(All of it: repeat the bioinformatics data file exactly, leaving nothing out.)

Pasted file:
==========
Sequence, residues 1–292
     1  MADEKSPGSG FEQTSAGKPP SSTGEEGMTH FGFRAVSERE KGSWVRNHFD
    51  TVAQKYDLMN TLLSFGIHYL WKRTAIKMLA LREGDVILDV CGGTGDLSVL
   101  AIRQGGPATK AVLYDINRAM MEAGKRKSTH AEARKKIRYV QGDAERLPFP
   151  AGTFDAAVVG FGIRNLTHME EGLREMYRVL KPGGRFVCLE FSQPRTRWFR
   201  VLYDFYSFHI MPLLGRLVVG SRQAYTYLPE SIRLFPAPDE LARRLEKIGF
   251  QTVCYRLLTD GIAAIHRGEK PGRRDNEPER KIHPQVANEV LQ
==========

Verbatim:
Sequence, residues 1–292
     1  MADEKSPGSG FEQTSAGKPP SSTGEEGMTH FGFRAVSERE KGSWVRNHFD
    51  TVAQKYDLMN TLLSFGIHYL WKRTAIKMLA LREGDVILDV CGGTGDLSVL
   101  AIRQGGPATK AVLYDINRAM MEAGKRKSTH AEARKKIRYV QGDAERLPFP
   151  AGTFDAAVVG FGIRNLTHME EGLREMYRVL KPGGRFVCLE FSQPRTRWFR
   201  VLYDFYSFHI MPLLGRLVVG SRQAYTYLPE SIRLFPAPDE LARRLEKIGF
   251  QTVCYRLLTD GIAAIHRGEK PGRRDNEPER KIHPQVANEV LQ